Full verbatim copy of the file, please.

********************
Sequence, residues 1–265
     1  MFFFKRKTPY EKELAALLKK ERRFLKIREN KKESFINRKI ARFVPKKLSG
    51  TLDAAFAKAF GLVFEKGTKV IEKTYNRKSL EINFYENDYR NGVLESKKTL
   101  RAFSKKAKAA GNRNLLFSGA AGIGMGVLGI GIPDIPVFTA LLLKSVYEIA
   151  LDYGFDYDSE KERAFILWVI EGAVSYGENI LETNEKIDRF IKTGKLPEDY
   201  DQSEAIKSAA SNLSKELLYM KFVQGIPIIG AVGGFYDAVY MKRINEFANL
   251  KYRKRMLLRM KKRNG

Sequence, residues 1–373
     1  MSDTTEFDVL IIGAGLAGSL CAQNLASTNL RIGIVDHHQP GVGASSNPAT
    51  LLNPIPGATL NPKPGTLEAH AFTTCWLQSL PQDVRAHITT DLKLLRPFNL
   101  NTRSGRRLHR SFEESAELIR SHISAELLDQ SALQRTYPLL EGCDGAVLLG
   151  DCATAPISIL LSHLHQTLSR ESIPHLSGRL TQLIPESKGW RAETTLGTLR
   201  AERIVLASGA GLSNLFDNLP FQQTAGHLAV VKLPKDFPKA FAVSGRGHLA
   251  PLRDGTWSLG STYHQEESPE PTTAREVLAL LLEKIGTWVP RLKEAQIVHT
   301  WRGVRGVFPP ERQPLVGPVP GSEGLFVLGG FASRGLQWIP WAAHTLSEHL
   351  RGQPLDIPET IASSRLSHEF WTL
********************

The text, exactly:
Sequence, residues 1–265
     1  MFFFKRKTPY EKELAALLKK ERRFLKIREN KKESFINRKI ARFVPKKLSG
    51  TLDAAFAKAF GLVFEKGTKV IEKTYNRKSL EINFYENDYR NGVLESKKTL
   101  RAFSKKAKAA GNRNLLFSGA AGIGMGVLGI GIPDIPVFTA LLLKSVYEIA
   151  LDYGFDYDSE KERAFILWVI EGAVSYGENI LETNEKIDRF IKTGKLPEDY
   201  DQSEAIKSAA SNLSKELLYM KFVQGIPIIG AVGGFYDAVY MKRINEFANL
   251  KYRKRMLLRM KKRNG

Sequence, residues 1–373
     1  MSDTTEFDVL IIGAGLAGSL CAQNLASTNL RIGIVDHHQP GVGASSNPAT
    51  LLNPIPGATL NPKPGTLEAH AFTTCWLQSL PQDVRAHITT DLKLLRPFNL
   101  NTRSGRRLHR SFEESAELIR SHISAELLDQ SALQRTYPLL EGCDGAVLLG
   151  DCATAPISIL LSHLHQTLSR ESIPHLSGRL TQLIPESKGW RAETTLGTLR
   201  AERIVLASGA GLSNLFDNLP FQQTAGHLAV VKLPKDFPKA FAVSGRGHLA
   251  PLRDGTWSLG STYHQEESPE PTTAREVLAL LLEKIGTWVP RLKEAQIVHT
   301  WRGVRGVFPP ERQPLVGPVP GSEGLFVLGG FASRGLQWIP WAAHTLSEHL
   351  RGQPLDIPET IASSRLSHEF WTL